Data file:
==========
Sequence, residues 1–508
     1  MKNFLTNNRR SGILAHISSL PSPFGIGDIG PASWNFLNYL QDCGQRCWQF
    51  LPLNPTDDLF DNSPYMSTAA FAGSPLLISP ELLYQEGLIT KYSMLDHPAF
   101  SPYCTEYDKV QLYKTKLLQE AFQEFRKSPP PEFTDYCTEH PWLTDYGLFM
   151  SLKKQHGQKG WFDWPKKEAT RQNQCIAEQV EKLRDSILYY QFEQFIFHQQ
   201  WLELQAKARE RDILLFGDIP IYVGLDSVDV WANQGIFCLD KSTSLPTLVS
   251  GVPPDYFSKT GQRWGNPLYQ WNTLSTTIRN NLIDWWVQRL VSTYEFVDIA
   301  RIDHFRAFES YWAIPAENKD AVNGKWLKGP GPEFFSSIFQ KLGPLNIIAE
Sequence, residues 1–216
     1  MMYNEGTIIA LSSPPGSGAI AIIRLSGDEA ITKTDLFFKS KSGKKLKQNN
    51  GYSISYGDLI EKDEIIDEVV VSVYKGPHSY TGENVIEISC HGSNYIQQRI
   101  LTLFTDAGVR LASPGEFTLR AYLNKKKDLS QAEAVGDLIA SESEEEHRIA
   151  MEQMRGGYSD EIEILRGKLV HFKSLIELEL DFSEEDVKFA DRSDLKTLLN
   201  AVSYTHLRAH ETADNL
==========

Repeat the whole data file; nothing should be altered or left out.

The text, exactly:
Sequence, residues 1–508
     1  MKNFLTNNRR SGILAHISSL PSPFGIGDIG PASWNFLNYL QDCGQRCWQF
    51  LPLNPTDDLF DNSPYMSTAA FAGSPLLISP ELLYQEGLIT KYSMLDHPAF
   101  SPYCTEYDKV QLYKTKLLQE AFQEFRKSPP PEFTDYCTEH PWLTDYGLFM
   151  SLKKQHGQKG WFDWPKKEAT RQNQCIAEQV EKLRDSILYY QFEQFIFHQQ
   201  WLELQAKARE RDILLFGDIP IYVGLDSVDV WANQGIFCLD KSTSLPTLVS
   251  GVPPDYFSKT GQRWGNPLYQ WNTLSTTIRN NLIDWWVQRL VSTYEFVDIA
   301  RIDHFRAFES YWAIPAENKD AVNGKWLKGP GPEFFSSIFQ KLGPLNIIAE
Sequence, residues 1–216
     1  MMYNEGTIIA LSSPPGSGAI AIIRLSGDEA ITKTDLFFKS KSGKKLKQNN
    51  GYSISYGDLI EKDEIIDEVV VSVYKGPHSY TGENVIEISC HGSNYIQQRI
   101  LTLFTDAGVR LASPGEFTLR AYLNKKKDLS QAEAVGDLIA SESEEEHRIA
   151  MEQMRGGYSD EIEILRGKLV HFKSLIELEL DFSEEDVKFA DRSDLKTLLN
   201  AVSYTHLRAH ETADNL